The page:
Vil 10: Sheep (since one Vil left to lure).
Boar: As always, garrison the lurer when the Boar is on the right spot on the TC, and get your Sheep Vils to drop off their food and kill it.
Vils 11-13: Mill with Vil 11, all three Vils go to Berries.
Boar: Keep tabs on your Boar. When it is at 175 food left, lure your second Boar with a Hunter already on your first Boar (drop off food first, like again, in case it dies).
Vils 14-15: Boar.
Farm: Make a Farm with a wounded Boar Vil (drop off food first).
Vils 16-17: Boar.
Farm: Make a Farm with a wounded Boar Vil (drop off food first). Two Farms now. Get up to four Farms with wounded Vils soon.
Vils 18-19: Wood.
Boar: Your last Boar should be about done at this point. Send four Hunters out as forward Vils. Put the rest on your Sheep.
Vils 20-21: New LC, wood at this LC. As said before, can be on a different forest or the same one. Send three of your food Vils to this new LC, as well.

An easy way to remember this one is 6-3-1-3-4-4. However, you also have to realize that 3 Vils are moved to wood after they finish the Boar, and 4 are sent forward.

Garrison all food Vils and click Feudal, then send them back to work. Build a forward Rax, and when you hit Feudal, get a Range up. Get Double-Bit Axe, and get Spears and Skirms, along with your Vils, attacking your opponent. Tower his wood from behind if you can, or get his Berries. Make sure to make a second Range sometime soon, and you should mine his gold or stone using your four forward Vils. Making a Mill and harvesting his Deer is also not a bad idea. However, if your opponent is playing well, move your forward Vils back home, as you do not want to lose them. That would set you back a lot. Non-Huns?The previous build orders were optimized to be done with Houses. However, these build orders can be applied to other civs as well. Obviously, every other civ has to build Houses at the start. While most of the other civs have to build a House with two Vils and another House with the other, there are exceptions to that rule. Since the Spanish build faster, they can build a House with one Vil, and the other House with a second. The third can help scout or chop a straggler. The Chinese obviously do not have to build a House at all until pop 8. Always build a House 2 pop ahead of your max pop (for example, 13/15, 18/20), unless you are Spanish, in which case, you can build a House 1 pop ahead as long as the current Vil is not over 30% done at the TC. The Aztecs do not have to Loom, but because of the +5 carry, you will need to force drop food a lot during the early stages of Dark. The Mayans have to Loom at the start because they are at 5/5 pop, and the fourth Vil can scout or chop a straggler. Feudal Tips and Trick Now that the introduction, the playing styles, and the build orders are out of the way, here are some useful Feudal tips: Sheep Scouting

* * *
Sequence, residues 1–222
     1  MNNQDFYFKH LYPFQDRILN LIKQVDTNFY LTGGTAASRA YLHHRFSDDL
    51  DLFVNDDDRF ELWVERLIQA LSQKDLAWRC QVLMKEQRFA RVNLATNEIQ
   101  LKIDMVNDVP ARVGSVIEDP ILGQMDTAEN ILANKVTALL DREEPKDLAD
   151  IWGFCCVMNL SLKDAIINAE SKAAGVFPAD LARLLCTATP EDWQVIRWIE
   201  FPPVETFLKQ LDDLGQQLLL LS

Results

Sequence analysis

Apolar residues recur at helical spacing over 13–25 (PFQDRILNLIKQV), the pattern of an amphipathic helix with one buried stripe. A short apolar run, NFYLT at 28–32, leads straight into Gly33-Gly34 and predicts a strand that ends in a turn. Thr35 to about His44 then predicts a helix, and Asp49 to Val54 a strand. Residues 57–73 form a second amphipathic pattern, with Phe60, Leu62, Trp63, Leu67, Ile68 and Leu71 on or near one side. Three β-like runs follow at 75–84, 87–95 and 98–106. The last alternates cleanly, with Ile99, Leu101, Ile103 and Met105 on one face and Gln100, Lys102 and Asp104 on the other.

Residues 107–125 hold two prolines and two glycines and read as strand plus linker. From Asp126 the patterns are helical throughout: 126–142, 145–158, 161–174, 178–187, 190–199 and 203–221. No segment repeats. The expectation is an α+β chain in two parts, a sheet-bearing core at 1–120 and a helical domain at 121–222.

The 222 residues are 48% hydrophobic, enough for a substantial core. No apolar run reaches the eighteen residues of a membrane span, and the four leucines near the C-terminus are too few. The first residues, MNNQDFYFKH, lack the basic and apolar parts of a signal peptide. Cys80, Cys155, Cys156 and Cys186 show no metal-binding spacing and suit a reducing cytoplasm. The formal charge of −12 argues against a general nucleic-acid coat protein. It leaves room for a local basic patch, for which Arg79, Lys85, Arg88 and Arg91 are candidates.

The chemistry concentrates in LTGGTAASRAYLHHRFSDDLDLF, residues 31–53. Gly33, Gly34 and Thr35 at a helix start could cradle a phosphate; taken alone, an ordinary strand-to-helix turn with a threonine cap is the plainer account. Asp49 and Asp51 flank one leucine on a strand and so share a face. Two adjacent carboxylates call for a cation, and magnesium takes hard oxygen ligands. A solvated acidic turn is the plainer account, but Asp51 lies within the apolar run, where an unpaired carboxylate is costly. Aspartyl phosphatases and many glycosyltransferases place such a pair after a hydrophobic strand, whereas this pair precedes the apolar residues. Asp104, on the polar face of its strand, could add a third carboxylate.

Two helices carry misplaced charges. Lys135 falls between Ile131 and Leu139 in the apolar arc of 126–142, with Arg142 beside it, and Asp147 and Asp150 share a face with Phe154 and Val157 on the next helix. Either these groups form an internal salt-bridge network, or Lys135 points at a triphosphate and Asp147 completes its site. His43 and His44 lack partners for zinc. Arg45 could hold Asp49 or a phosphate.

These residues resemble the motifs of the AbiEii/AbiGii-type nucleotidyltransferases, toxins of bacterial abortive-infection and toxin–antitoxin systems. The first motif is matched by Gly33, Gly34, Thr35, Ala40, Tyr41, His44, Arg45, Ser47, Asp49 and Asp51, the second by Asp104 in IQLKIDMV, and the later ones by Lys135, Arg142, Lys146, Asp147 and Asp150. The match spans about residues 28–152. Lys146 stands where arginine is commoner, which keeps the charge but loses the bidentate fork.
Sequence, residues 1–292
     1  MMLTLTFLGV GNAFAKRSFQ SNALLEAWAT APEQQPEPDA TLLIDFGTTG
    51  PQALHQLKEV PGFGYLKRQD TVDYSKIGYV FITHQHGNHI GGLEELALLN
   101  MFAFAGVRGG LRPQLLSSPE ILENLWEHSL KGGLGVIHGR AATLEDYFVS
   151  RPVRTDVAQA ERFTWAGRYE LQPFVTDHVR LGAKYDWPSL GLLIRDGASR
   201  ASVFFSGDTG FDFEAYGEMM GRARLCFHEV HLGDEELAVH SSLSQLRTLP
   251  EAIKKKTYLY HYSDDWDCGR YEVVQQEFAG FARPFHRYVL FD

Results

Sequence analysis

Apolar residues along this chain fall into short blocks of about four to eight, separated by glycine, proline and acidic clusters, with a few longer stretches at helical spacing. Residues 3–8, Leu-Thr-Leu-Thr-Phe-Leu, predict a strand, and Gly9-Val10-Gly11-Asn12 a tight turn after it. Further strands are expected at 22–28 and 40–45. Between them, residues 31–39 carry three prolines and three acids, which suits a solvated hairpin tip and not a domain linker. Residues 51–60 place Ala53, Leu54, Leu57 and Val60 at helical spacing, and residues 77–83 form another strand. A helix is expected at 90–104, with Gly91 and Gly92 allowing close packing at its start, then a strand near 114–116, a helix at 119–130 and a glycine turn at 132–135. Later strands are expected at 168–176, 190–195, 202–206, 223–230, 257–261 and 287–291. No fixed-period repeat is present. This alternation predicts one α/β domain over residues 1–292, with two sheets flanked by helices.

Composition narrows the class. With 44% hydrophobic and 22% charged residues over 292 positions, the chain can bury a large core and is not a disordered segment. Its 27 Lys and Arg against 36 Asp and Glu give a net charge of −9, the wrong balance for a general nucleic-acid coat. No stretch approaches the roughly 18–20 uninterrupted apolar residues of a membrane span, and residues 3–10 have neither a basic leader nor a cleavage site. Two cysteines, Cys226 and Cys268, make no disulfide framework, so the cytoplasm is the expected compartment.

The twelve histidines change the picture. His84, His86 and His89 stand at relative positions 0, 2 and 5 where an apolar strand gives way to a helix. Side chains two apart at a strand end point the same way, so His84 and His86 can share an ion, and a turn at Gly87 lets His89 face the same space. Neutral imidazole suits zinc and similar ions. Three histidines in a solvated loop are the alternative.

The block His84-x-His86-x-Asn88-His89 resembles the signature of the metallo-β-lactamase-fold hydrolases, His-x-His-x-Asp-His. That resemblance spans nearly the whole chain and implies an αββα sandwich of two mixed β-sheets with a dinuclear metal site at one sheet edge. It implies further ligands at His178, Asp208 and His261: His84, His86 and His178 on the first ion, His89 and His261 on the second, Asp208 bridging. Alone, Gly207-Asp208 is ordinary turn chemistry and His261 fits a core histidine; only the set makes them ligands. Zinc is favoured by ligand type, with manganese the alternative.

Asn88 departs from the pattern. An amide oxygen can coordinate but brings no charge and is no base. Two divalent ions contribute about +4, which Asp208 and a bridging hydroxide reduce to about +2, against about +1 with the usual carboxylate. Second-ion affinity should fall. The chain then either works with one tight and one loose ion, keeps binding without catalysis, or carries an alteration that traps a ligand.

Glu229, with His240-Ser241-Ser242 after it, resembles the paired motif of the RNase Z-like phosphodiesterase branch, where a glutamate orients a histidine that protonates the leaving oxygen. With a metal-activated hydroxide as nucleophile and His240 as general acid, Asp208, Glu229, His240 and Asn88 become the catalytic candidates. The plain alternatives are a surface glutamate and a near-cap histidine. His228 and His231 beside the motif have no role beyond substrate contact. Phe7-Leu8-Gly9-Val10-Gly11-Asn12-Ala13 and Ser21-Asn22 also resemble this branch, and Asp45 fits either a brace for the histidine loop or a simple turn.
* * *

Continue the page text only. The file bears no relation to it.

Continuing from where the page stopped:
In the game shown above, the player managed to find all eight Sheep early on, and sent four (yes, count them, four) Sheep scouting. The red circles in the screenshot indicate Sheep, while the green circle designates the player's Scout. There is a huge difference in Sheep scouting and not Sheep scouting. Just look at the amount of map you could have explored. Even with two Sheep, there is still quite often a major difference. Scout Using Farm/HouseThis was an old trick known way back in AoK. You could select a Vil working, and select build House (but not actually build it or even lay down the frame), and then hover it around the map you have already scouted, seeing if you can build or not. If it turns red on plain ground and stays red for a couple of seconds, you can be confident that there is an enemy building there, or that he has idle Vils there. If it turns red and then becomes available to build, enemy Vils just passed by.

Huns do not get Houses. You can use a Farm, but that will only notify you of where enemy buildings and/or building frames are. It will not tell you where the enemy Vils are because you can always build a Farm under an enemy Vil (but you cannot build a House on top of one). The Mining Camp is the next best thing. Sure, a Mill or an LC works fine too (or any building, for that matter), but the default hotkeys are close together (B, G). B, B for a Rax works too, but you might not have the 175 wood available to hover a Rax around the map. Cherry PickersIf your opponent attacks your Vils on Berries, garrison them or fight back (if you are confident you can win). If you garrison them, do not send them back to work. Instead, put them on Farms. They are already wounded, and another attack on your Berries might prove quite fatal to your Vils. Walling Walling Your Opponent's Buildings In